There I was casually taking in the Parade Of Nations during the opening night of the London 2012 Olympic games. I was enjoying watching the athletes from different countries stroll through London’s Olympic Stadium and beam with pride at being able to represent their homeland, and deservedly so after the years of hard training that they have undoubtedly put in. Then, as members of the Albanian entourage walked across the screen, NBC anchor Bob Costas noted, “This is a good opportunity for us to remind you of something we’ve said in the past: the vast majority of athletes that come to these games will not win a medal. At least they will get to say, ‘I marched in the opening ceremony behind the flag of my people.'” By association their list of non-winners (and non-winning countries, of which there are actually dozens) included Albania. (Isn’t it bad enough we waged war on them in Wag the Dog? Okay, I digress.) I looked it up, and no, Albania has not won any medals. Now I want them to win one.
Mr. Costas (and take note, co-anchor Matt Lauer), this was simply the opening night ceremony. Nobody cares how many medals anyone has won. As broadcasting representatives for the nation that usually clean ups at the Olympics, it’s incredibly arrogant and condescending to make statements about all the people who won’t beat your team. This is the kind of myopic worldview that pisses off people in other countries and makes them think that many of us have an attitude. (It’s not the first time I have noticed it either. Even when discussing Afghanistan before Albania, Costas mentioned only the US and UK security forces there, nothing about the actual country or its people.) While I root for my country during the Olympics, I also root for whomever I think is the best in whichever sport they are competing in. After all, shouldn’t the best athlete win? Are we not supposed to be united in sport through the Olympics? Isn’t it awesome just to appreciate greatness when you see it? And with regards to winning medals, the beauty of sport is important too, not just the ceremony afterward. Sometimes rooting for the underdog can also be fun and keeps things interesting.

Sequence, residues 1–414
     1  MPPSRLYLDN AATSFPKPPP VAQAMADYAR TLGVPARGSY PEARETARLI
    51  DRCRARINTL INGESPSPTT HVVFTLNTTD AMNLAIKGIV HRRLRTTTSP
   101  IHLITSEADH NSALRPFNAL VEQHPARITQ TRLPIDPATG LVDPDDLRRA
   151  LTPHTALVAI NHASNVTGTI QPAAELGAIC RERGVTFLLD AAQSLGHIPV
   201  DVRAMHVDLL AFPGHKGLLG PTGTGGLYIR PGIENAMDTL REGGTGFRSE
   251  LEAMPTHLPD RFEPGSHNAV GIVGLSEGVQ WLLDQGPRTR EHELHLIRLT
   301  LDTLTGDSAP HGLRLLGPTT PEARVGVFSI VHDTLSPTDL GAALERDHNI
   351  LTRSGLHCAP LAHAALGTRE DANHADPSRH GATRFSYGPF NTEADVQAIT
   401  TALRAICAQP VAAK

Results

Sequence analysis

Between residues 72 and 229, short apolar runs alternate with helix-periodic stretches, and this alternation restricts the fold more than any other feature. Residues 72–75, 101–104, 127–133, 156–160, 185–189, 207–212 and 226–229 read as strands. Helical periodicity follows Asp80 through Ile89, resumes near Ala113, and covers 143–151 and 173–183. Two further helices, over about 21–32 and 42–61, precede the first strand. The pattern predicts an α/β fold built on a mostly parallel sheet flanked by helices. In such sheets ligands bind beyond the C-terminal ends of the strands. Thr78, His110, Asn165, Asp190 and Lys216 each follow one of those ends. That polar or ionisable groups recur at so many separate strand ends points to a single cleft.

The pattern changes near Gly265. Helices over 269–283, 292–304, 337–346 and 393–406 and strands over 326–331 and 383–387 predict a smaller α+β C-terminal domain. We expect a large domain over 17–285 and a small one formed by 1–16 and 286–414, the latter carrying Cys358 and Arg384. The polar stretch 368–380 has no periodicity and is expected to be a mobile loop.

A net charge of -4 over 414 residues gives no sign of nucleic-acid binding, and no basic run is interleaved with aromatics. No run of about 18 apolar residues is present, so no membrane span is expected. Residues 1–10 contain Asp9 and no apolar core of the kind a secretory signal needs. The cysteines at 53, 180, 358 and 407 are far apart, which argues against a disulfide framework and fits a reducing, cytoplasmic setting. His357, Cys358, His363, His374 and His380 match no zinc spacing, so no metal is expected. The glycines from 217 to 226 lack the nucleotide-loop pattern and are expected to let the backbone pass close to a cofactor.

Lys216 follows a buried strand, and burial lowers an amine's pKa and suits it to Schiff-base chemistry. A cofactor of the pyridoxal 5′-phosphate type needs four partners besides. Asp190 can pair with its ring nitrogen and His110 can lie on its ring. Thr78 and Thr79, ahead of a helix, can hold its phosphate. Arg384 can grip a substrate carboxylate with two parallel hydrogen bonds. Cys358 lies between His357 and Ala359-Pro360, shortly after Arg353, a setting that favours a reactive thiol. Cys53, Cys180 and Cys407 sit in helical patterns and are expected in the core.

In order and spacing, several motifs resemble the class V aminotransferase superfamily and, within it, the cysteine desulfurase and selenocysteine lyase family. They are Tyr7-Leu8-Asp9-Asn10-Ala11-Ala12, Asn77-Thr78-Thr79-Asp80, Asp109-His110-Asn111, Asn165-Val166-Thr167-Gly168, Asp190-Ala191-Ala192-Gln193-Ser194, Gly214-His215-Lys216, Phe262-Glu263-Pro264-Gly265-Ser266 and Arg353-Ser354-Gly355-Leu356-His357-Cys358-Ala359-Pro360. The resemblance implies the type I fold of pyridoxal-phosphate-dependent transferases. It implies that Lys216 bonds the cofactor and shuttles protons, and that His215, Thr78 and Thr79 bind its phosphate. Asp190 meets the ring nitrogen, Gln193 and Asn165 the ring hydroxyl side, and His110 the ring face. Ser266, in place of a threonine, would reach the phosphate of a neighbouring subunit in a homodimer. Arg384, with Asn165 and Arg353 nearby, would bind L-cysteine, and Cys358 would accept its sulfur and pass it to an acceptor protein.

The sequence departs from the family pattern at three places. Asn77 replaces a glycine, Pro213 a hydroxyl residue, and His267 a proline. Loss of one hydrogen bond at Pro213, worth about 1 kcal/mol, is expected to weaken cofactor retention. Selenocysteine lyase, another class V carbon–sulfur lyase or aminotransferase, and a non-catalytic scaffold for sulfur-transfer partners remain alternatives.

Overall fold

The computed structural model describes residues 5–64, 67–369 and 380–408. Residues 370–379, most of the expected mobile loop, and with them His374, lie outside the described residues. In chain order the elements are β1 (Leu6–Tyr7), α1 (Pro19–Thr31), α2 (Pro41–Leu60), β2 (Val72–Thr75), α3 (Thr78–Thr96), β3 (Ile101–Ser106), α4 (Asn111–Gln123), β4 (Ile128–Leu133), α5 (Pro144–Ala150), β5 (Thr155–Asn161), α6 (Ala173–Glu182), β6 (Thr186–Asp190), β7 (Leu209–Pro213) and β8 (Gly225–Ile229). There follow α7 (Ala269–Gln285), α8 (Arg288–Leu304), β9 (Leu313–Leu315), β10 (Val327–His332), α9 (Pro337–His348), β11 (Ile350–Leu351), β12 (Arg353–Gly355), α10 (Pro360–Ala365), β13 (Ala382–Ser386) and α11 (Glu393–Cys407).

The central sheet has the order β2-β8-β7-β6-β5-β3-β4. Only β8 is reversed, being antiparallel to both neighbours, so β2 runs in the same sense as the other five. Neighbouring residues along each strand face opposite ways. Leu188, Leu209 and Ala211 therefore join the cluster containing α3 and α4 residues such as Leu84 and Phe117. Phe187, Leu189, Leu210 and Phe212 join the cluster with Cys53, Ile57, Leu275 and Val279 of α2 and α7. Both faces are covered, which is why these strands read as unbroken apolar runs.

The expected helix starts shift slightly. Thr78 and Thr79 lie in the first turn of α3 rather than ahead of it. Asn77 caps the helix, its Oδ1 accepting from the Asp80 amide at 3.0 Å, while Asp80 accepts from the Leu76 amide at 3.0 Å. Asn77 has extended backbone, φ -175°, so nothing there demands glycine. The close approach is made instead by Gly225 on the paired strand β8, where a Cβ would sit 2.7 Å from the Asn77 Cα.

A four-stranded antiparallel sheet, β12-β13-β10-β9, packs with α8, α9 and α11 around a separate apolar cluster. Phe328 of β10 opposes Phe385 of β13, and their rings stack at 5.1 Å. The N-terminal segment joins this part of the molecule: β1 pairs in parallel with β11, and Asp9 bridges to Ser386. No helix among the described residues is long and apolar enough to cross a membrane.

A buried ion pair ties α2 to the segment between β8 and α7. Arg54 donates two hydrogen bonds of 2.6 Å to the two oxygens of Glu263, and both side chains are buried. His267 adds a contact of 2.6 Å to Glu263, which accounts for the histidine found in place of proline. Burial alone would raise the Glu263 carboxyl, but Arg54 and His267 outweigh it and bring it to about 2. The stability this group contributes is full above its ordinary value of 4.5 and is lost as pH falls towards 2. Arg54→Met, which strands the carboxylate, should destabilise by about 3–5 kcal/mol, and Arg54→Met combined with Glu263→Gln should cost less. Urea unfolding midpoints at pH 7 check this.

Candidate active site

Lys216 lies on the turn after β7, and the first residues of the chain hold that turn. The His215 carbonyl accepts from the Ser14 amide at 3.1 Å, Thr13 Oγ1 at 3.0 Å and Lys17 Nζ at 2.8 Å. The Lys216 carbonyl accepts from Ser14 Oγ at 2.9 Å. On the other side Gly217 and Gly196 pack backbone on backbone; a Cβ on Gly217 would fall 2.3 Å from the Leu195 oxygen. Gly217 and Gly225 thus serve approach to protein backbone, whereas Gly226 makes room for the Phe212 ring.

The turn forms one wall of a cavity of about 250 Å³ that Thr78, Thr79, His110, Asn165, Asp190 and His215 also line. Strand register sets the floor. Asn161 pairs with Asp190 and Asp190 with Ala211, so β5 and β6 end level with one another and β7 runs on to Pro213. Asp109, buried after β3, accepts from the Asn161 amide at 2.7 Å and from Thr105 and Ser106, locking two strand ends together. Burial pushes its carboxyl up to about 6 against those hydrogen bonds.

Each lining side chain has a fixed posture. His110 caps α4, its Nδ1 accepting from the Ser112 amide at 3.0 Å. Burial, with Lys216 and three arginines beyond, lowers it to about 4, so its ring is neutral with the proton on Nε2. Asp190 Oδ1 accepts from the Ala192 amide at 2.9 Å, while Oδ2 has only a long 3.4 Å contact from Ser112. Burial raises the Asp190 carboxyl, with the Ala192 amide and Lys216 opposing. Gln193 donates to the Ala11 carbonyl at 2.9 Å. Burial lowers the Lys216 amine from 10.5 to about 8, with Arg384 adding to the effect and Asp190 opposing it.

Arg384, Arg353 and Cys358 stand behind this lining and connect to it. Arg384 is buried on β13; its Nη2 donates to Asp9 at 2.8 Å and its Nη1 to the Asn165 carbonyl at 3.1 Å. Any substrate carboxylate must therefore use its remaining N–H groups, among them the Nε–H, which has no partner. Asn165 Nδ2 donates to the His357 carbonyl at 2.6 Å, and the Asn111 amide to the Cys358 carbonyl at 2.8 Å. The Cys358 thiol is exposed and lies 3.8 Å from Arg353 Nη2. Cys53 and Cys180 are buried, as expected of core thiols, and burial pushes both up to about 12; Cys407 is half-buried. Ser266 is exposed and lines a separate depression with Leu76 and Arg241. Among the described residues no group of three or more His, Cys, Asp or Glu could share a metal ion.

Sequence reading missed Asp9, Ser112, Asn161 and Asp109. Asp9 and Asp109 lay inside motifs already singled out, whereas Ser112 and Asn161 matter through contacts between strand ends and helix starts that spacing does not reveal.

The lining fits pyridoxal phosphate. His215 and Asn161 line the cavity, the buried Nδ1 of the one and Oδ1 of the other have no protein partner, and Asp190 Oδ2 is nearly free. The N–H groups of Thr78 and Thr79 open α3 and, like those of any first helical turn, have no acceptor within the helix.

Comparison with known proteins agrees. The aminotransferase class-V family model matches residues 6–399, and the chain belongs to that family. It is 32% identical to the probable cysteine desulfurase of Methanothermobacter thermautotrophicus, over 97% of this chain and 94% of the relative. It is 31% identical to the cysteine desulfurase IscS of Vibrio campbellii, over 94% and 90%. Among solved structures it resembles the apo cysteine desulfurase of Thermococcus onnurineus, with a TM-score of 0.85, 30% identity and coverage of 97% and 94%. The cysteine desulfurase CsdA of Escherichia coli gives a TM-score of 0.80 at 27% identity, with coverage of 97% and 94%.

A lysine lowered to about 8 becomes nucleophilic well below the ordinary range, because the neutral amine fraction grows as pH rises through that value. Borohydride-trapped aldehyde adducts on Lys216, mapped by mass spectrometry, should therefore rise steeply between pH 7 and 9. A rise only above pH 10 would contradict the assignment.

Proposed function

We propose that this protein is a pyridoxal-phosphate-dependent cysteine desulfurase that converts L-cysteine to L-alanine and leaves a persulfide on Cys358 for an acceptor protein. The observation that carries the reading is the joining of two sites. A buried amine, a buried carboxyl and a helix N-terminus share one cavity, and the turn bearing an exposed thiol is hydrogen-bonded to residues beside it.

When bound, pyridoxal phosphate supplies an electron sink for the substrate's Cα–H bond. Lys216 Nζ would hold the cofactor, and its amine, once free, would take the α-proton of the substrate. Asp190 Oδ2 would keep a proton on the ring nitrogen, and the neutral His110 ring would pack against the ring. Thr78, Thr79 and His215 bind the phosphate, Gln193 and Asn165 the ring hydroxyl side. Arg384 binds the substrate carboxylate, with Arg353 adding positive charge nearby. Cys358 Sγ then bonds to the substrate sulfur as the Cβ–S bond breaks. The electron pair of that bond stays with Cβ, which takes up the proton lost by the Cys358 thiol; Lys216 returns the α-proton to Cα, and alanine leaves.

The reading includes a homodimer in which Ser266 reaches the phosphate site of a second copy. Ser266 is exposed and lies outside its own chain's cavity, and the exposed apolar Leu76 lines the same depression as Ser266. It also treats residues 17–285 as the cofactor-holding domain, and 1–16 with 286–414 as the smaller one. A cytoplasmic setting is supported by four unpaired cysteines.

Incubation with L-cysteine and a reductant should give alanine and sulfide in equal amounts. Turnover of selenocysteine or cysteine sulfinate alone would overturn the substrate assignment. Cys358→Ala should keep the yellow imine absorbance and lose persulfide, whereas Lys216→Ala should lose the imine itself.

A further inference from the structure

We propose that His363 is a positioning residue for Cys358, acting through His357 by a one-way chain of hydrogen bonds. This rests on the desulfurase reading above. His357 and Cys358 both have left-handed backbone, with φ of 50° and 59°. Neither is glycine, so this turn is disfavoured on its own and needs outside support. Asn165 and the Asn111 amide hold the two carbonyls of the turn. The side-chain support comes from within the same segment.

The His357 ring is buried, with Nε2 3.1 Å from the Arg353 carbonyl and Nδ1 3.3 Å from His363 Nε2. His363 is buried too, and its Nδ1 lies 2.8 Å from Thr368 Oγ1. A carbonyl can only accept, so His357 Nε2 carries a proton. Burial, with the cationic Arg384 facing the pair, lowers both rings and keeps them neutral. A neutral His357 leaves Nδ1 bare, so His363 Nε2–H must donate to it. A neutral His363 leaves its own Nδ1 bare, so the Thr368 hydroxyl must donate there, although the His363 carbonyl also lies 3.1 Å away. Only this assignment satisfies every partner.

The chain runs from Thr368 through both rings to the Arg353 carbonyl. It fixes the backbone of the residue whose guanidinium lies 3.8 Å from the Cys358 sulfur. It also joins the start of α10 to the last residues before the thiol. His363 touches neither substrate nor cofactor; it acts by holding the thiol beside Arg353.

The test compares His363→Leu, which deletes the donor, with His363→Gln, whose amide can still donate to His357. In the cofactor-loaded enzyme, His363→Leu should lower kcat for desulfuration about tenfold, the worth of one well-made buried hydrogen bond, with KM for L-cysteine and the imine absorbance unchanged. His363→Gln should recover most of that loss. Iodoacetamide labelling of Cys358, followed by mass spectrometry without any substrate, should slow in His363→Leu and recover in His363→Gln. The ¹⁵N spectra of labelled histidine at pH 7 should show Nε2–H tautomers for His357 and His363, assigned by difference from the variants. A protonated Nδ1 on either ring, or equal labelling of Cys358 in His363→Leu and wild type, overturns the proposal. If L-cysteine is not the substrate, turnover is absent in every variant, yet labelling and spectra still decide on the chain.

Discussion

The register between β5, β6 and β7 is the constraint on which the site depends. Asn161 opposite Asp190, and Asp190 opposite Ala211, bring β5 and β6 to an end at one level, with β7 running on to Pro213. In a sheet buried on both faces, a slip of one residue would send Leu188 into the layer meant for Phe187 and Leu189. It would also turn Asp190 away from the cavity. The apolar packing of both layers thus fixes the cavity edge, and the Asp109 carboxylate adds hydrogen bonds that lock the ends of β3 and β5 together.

Try to remember that as you keep broadcasting over the next two weeks, Bob. I hate it when the stereotype of the Ugly American keeps being perpetuated.